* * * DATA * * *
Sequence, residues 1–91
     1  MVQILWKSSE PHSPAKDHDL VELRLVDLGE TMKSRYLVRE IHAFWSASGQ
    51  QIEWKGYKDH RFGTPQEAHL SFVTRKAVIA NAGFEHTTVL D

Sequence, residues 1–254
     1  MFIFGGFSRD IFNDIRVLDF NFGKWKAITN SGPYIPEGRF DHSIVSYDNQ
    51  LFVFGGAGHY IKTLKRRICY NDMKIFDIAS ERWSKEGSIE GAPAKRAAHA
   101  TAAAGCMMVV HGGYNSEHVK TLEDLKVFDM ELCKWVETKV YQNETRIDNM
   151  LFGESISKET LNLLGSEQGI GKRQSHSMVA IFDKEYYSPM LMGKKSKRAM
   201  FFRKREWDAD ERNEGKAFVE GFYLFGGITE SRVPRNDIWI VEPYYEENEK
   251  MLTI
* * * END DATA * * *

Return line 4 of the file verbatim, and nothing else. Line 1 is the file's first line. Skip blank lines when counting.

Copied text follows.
Sequence, residues 1–254